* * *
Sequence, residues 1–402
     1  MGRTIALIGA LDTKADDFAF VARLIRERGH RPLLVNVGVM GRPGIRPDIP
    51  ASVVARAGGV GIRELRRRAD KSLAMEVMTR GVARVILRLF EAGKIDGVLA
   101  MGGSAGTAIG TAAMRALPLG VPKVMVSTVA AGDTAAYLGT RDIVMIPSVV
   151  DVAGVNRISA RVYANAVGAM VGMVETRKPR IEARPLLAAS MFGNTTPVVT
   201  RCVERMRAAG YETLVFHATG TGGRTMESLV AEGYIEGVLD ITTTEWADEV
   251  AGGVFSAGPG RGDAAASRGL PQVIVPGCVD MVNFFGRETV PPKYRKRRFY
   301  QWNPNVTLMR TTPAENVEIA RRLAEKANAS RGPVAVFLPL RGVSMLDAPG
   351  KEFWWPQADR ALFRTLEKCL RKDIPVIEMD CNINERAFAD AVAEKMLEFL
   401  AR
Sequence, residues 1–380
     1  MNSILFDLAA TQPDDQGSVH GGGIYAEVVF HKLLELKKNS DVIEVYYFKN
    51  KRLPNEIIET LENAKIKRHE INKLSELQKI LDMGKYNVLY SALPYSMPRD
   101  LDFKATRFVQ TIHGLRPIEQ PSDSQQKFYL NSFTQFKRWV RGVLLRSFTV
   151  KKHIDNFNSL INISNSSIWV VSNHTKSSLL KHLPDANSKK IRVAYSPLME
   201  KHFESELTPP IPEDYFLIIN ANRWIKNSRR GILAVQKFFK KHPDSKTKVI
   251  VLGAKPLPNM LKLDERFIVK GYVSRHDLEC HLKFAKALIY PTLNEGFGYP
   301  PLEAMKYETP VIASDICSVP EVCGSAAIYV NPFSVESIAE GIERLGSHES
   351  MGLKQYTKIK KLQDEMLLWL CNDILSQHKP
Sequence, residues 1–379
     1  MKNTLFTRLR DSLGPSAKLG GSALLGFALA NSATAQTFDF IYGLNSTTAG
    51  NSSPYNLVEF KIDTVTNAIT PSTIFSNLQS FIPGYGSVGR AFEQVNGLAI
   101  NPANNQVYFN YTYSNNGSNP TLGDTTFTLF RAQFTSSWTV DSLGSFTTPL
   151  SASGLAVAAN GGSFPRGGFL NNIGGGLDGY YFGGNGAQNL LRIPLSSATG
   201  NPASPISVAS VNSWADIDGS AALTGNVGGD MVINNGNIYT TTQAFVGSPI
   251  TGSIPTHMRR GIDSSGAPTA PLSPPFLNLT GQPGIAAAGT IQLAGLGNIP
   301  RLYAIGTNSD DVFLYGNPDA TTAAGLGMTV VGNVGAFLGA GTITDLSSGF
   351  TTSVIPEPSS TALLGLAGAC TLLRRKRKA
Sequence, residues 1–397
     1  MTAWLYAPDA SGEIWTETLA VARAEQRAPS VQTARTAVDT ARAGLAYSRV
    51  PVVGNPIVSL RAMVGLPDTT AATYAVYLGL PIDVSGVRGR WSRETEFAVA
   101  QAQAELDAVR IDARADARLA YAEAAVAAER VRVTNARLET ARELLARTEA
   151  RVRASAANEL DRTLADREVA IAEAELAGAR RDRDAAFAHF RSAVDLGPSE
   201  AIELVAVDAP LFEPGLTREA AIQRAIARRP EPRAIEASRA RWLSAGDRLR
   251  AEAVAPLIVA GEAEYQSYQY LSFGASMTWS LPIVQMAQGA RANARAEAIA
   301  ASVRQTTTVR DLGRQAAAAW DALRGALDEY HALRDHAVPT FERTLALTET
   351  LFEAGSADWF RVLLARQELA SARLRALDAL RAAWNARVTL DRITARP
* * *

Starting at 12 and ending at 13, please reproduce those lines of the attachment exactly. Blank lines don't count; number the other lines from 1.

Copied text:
     1  MNSILFDLAA TQPDDQGSVH GGGIYAEVVF HKLLELKKNS DVIEVYYFKN
    51  KRLPNEIIET LENAKIKRHE INKLSELQKI LDMGKYNVLY SALPYSMPRD